Retailers glum over slow sales for school
People are very careful about what they're spending'
For Ed Jurgrau, owner of Shoe Train children's shoe store in Potomac, the back-to-school season is his best of the year. But this year, the best hasn't been so good.
Jurgrau, who enjoys a large base of repeat customers spanning several generations since 1979, prepared for the slower spending plaguing all niches of the retail industry when he bought his fall stock.
"We were very careful in our fall buying," Jurgrau said. "We didn't buy things that were expensive."
During a typical back-to-school season, customers often buy several pairs of shoes in one trip, Jurgrau said. He sees that trend quickly fading, as more customers make do with fewer footwear options.
"People are very careful about what they're spending," Jurgrau said. "We'll weather it out, but I've never been more aware that people are concerned about price."
Nationally, retail sales dropped 0.1 percent in July from June, the first drop since February, when sales fell 0.5 percent, according to a report released Wednesday by the U.S. Commerce Department. At department stores, retail sales rose by 0.3 percent in July, half the 0.6 percent rise in June. Clothing sales nationwide rose to $19.13 billion in July from $19.08 billion in June.
Overall back-to-school spending is expected to fall as much as 24 percent from last year, according to a survey by consulting firm Retail Forward of Columbus, Ohio.
David P. Brennan, a marketing professor and co-director of the Institute for Retailing Excellence at the University of St. Thomas in St. Paul, Minn., said shoppers are focusing more on what they truly need and reusing anything they can, especially clothes. He called the predicted 24 percent plunge significant.
Also, more shoppers are also visiting several stores and comparing prices rather than just buying everything from one merchant, he said.
Thomas S. Saquella, president of the Maryland Retailers Association, said most retailers, particularly clothiers, are "pulling out all the stops" with advertising to attract more back-to-school shoppers.
"I'm seeing a lot more television advertising than I ever recall," Saquella said. "Retailers know they have to go out and be very promotional. This is a very important season for retailers, second only to the holiday season. … If you have a good back-to-school season, that usually means you'll have a good holiday season."
For Maryland retailers, July sales were a continuation of what the industry has noted since the fourth quarter of last year, Saquella said: "very disappointing." While some large retailers such as the Boscov's department store chain, which filed for bankruptcy protection have announced store closures, most retailers will likely try to continue fighting through the sluggish spending trends through the end-of-year holidays.
Roughly 90 percent of households are more conservative in their back-to-school shopping habits, hunting more sales items and using coupons, according to Deloitte & Touche. Those shoppers will flock to discount and bargain stores this year.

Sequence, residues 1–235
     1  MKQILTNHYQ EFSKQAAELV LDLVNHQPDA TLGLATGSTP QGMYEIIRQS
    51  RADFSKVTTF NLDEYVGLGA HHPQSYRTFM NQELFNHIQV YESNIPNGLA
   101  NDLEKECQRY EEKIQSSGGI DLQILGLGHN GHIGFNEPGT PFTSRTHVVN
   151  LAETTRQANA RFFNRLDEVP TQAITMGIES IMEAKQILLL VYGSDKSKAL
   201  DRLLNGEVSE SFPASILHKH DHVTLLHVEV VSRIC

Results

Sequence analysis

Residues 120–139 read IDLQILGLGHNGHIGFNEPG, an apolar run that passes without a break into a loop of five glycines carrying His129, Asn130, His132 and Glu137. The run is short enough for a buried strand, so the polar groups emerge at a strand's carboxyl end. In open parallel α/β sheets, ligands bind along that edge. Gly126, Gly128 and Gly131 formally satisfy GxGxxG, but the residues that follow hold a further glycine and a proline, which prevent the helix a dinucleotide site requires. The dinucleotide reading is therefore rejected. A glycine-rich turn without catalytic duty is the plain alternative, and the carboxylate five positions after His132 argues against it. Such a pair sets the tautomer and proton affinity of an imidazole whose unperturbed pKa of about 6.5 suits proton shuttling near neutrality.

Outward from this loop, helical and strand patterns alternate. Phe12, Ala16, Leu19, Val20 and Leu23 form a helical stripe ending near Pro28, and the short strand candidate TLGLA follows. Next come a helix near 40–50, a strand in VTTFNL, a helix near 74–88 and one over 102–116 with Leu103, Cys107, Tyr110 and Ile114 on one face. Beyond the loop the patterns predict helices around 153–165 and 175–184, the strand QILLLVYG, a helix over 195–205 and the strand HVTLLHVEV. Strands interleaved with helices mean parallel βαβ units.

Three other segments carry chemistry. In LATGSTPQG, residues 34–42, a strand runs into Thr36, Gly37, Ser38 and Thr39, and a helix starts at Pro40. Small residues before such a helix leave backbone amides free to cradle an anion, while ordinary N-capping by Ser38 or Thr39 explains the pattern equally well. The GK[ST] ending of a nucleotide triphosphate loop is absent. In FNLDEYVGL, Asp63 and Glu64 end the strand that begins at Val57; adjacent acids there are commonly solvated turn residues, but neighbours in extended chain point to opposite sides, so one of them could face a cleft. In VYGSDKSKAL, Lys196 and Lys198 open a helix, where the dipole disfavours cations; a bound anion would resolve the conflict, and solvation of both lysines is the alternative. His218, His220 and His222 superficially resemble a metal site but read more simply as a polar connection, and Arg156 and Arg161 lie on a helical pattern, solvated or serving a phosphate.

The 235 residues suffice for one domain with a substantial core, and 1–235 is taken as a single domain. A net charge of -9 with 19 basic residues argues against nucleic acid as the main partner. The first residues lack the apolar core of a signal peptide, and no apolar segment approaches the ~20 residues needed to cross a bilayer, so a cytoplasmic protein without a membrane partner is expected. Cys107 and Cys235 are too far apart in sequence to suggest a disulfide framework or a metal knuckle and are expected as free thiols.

Officials at The Mall at Prince George's in Hyattsville said the shopping complex is well positioned to have a strong back-to-school season despite the broader downturn.
"Shoppers are likely to seek out value destinations such as Marshalls, Ross Dress for Less and Target in order to stretch their budgets," said marketing director Victoria Clark of the mall's major tenants.
Marketing director Kris Winternitz said Bowie Town Center has seen a slight slowdown in back-to-school sales, mainly in stores with merchandise for teenagers and in shoe stores. Both retail types attract the most preschool shoppers at the center, she said.
Fashion Bug, a teen clothing chain store in Glen Burnie, has fared all right, with higher-than-normal sales last week, said manager Regina Grant. She said she hopes the specials and fashion show the store has planned for this weekend will further boost sales.
Some retailers were reluctant to discuss their slower sales, but a representative from Annapolis Gymboree, a children's clothing store, said more shoppers are trying to be frugal and are looking more than buying. The store is also seeing less foot traffic than usual.
The pinch is even being felt among companies producing basic school supplies.
Raymond Geddes and Co., a school store supplier in Baltimore, has continued to sell well through the direct-to-school market, although its retail sales have fallen, said Laura Bruck, vice president of marketing.
With the exception of electronics, spending in most retail categories will likely be flat this year, according to the National Retail Federation. While electronics will remain the No. 1 purchase among college students, spending will drop about 22 percent, the industry group estimates.
Some computer and electronics retailers said more people are reusing what they have, rather than shopping for upgrades or replacements. One retailer in Glen Burnie said his store has so far sold 10 notebook computers during the back-to-school season; last year, it sold 40.